Football: Saddlers looking to the past for inspiration

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The Independent Online
Walsall's cheaply constructed side visit that citadel of footballing prowess and financial power, Old Trafford, in Saturday's fourth round. While there seems scant prospect of anything more than a good pay day for the Midlands minnows, Phil Shaw delves into the past for an inspirational precedent.

The name of Gilbert Alsop, picked out in large letters on one of the stands at Bescot Stadium, may not mean much to the Walsall players who pass it every day. But, as they prepare to meet the might of Manchester United, his part in one of the greatest FA Cup upsets of all time offers the Second Division underdogs hope from history.

Sixty-five years ago this month, Adolf Hitler was days away from power and a Staffordshire town was in the grip of Cup fever. Walsall, with Alsop as their dashing centre-forward, had been drawn against England's finest. Arsenal were on their way to the first of three successive championships, a feat which Alex Ferguson's side are widely expected to emulate in May.

The clubs were separated by 54 League places, compared with 57 between Walsall and United, and by a chasm in class and cash. One newspaper illustrated the disparity by pointing out that Herbert Chapman, the great Arsenal manager, had assembled his side for a then-astronomical pounds 30,000, whereas Walsall's line-up had set their manager Bill Slade back all of pounds 69.

Another paper, highlighting the differences in a way pertinent to a leather- manufacturing community, revealed that the Gunners' boots had cost pounds 18 more than their hosts' entire team. In 1998, the gap between United's financial clout and Walsall's is similarly pronounced. One squad is valued at around pounds 60m, the other was built for the pounds 60,000 it took to buy a latterday Alsop, Andy Watson.

His goal at Southend last week means that Walsall, now managed by the former Ajax and Denmark playmaker Jan Sorensen, go to Manchester boasting a 100 per cent record this year. Meanwhile, United stumbled at Southampton on Monday, confirming a sharp contrast with the build-up to the third- round tie of 1933.

Arsenal had amassed 32 points from the previous 18 games (it was then two for a win). Walsall's run was three draws and a 5-0 drubbing in the old Third Division (North).

The Cup, however, never had much truck with League form. A prerequisite for giant-killing - one which Old Trafford is unlikely to provide in Saturday's fourth-round match - is a playing surface that resembles a skating rink or a lake. At Alsop's old stamping ground of Fellows Park, which was to Highbury what Walsall town hall was to Westminster, the pitch was a morass.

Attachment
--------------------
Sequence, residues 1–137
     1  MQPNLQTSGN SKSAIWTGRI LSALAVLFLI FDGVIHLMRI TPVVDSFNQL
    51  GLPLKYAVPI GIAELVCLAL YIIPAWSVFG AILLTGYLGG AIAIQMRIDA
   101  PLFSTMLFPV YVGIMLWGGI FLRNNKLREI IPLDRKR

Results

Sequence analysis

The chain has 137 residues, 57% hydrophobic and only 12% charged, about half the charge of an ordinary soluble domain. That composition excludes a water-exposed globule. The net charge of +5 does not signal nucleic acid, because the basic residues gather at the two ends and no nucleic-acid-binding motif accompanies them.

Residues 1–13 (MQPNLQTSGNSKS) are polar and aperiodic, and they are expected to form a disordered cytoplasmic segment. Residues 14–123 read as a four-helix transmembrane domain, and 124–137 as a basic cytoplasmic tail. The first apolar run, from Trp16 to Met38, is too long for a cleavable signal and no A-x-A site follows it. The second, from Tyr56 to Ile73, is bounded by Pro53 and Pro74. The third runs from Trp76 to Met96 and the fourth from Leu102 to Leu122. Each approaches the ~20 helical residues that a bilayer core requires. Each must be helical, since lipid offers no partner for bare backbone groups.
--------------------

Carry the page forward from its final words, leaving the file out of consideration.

It helps, too, when the bigger club underestimate their opponents. Incredibly, Chapman appeared to do precisely that. Rather than risk a quartet of regulars who had been ill or injured, he called in four reserves.

This was not the same as Ferguson rotating his squad, for three of the Arsenal team would be making their debuts and one playing for the second time. That still left seven internationals, among them the legendary Alex James, Cliff Bastin and the first pounds 10,000 player, David Jack.

On the programme cover, James was characterised as a field-marshal backed by a battery of "big guns". Barring his way, in Walsall kit, was a teddy bear armed with a stick.

And stick, to use the vernacular, was evidently central to Walsall's game plan. While Sorensen and his player-coach, the former Everton defender and FA Cup-winner Derek Mountfield, espouse flair on a shoestring, the men behind Alsop seemed to regard the ball as an inconvenience.

Bastin, in his memoir, alleged that Walsall had "behaved more like steam- rollers than footballers". Whatever the truth, Arsenal missed several chances before Alsop leapt out of the mud to head in a corner on the hour. Five minutes later, he was fouled. Billy Sheppard's penalty sealed a victory that sent shock waves through the game.

The double act by Alsop and Sheppard, which has found echoes in this season's scoring spree by Watson and Roger Boli (friend and one-time team- mate of Eric Cantona), ensured that Walsall's physical approach tended to be glossed over. The result was all: Britain was deep in recession, and in the provincial dole queues Arsenal were regarded as London toffs.

A furious Chapman instantly off-loaded one of the understudies to Plymouth and another to Brentford. A third was released after the title was secured in the spring.

As for Walsall, whose cut of the gate was pounds 586 15s 9d - compared with pounds 300,000 this weekend - they promptly lost to Hartlepools before the fourth round sent them to... Manchester. Watched by 52,000 at Maine Road, they lost 2-0 to a City side featuring Matt Busby.

Many of the 8,500 who will follow Sorensen's Saddlers north will no doubt pause to admire Busby's imposing statue. Fellows Park is now a supermarket, but Alsop's memory lives on in more modest form at Walsall's new home. The name on the stand is a reminder to his successors that, in the FA Cup, nothing is impossible.